I want to share with you items to consider before investing in a 401k. Some of those items are the tax ramifications and the control over your money you will be forfeiting. Uncle Sam makes the decisions on when you can access your money without penalty, what the penalty is for early withdrawals, the taxes you pay, the required minimum distribution (RMD) amount, when you must begin to take the RMD and more… Watch my short presentation below for more information and view a full expo by both Frontline and 60 Minutes.
Many have heard of an IRA but do they really know what it is or how the different types work? An IRA is an Individual Retirement Account. IRA’s are a way for you to save for retirement; something like a savings account but with limits on deposits, tax deferral, and restrictions & penalties on accessing the funds. Also, an IRA is an account and not an investment. The money is in the account and applied to different investments depending upon your choice of investment. Typical investments are stocks, bonds, mutual funds and/or other assets depending upon the type of IRA you opened.
Here is a breakdown of different IRA’s:
- Traditional IRA – Generally, you pay taxes on the money (what you put in) when you begin your withdrawals; the money you initially put in is therefore tax deferred. The thought process on this is when you begin your withdrawals (currently mandatory at age 70-1/2 but can start as early as age 59-1/2 penalty free) your income will be less so your tax bracket is lower therefore you will owe less in taxes than if you paid them as you earned the money. With the advent of the 401k many people that leave their employer with a 401k then move the money into a Traditional IRA account.
There are annual limits on how much money you can contribute to a Traditional IRA based upon your income and age. As an example, currently in 2016, if you are under age 50 you contribute $5,500 annually. If you currently contribute through an employer plan consult a tax advisor before contributing to your IRA as it many impact your tax deductions allowed.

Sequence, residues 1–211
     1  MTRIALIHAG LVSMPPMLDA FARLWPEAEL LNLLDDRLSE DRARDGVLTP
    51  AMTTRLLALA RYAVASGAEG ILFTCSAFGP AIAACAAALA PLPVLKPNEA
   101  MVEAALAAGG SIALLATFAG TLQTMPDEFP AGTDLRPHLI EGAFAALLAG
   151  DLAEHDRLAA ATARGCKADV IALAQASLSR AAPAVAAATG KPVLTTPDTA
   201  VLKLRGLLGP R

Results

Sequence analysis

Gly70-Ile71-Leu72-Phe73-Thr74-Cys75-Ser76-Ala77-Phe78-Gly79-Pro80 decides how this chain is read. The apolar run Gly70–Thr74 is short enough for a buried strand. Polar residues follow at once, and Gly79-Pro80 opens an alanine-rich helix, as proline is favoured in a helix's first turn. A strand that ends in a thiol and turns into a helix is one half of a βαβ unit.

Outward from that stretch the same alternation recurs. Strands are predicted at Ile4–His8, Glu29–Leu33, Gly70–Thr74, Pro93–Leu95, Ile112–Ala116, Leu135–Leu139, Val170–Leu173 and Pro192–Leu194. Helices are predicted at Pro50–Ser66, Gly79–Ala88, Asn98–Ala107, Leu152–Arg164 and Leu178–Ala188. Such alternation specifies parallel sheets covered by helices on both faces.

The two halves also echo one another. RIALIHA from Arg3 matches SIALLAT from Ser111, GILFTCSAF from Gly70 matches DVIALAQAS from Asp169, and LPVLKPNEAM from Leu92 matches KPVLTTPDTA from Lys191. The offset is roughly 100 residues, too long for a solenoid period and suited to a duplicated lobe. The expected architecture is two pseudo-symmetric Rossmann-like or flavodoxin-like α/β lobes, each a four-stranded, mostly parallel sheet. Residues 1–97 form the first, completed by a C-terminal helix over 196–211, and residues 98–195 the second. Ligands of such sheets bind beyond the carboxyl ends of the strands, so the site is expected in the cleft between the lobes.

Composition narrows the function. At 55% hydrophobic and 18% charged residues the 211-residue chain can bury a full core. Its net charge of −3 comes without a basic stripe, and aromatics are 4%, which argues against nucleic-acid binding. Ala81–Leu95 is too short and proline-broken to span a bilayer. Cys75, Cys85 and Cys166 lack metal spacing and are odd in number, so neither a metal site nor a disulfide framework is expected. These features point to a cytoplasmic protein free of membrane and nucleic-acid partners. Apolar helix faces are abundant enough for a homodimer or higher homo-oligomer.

You can request an early withdrawal from your account however it will be taxed and you will pay a penalty (currently 10%) if it is requested before age 59-1/2.
- Roth IRA – With a Roth IRA you pay the taxes on the money going into the account and then your future withdrawals, including earnings, are tax free. However, the account must be open for at least five (5) years and the distributions begin after age 59-1/2. There are allowances for penalty free withdrawals such as for a first time home buyer. Also, other withdrawals can be made tax-free; however, you might still have to pay a penalty. Always consult a tax advisor before making a withdrawal.
- SEP IRA – Generally just referred to as a SEP this is a Simplified Employee Pension IRA. The SEP IRA is used by business owners with one or more employee’s, those that are self-employed or have freelance income for a simplified method to save and contribute to the employee’s and their own retirement. A SEP IRA is opened for each individual and contributions are made to the IRA by the employer. The SEP IRA follows the same rules as a Traditional IRA.
- SIMPLE IRA – This is also for small business owners/employers and provides a simplified method for them to contribute to their and their employee’s retirement. SIMPLE stands for Savings Incentive Match Plan for Employees. This differs from the SEP IRA. Here employees may chose to make salary reduction contributions and the employer then makes matching or non-elective contributions. Each employee has their own SIMPLE IRA set up and contributions are made directly to that account.
- Self-Directed IRA – This is similar to the Traditional IRA. However, the big difference is that you have control of the investments. To open a Self-Directed IRA you must contact one of several companies out there that act as the custodian for your account. You work through the custodian on where you want the money invested. There are many more options for investing using this type of IRA. Some options are real estate, tax lien certificates, precious metals and so much more. However, there are strict rules on the self-directed IRA so be sure to do your research. For example: No loaning of money to yourself, your spouse or any family member in your direct linear family chain.
If you are interested in knowing more about IRA options you can check out information available on Roth Conversions and a Perpetual Pension that I have available for you. Also, there are two great videos from Frontline and 60 minutes for you to watch.
Self-Directed IRA’s are, unfortunately, a well kept secret… Well, this is one secret I won’t keep!
Do you know what at Self-Directed IRA is? What it can own? How it is different from a Traditional IRA? I share with you some information on the Self-Directed IRA in this short video.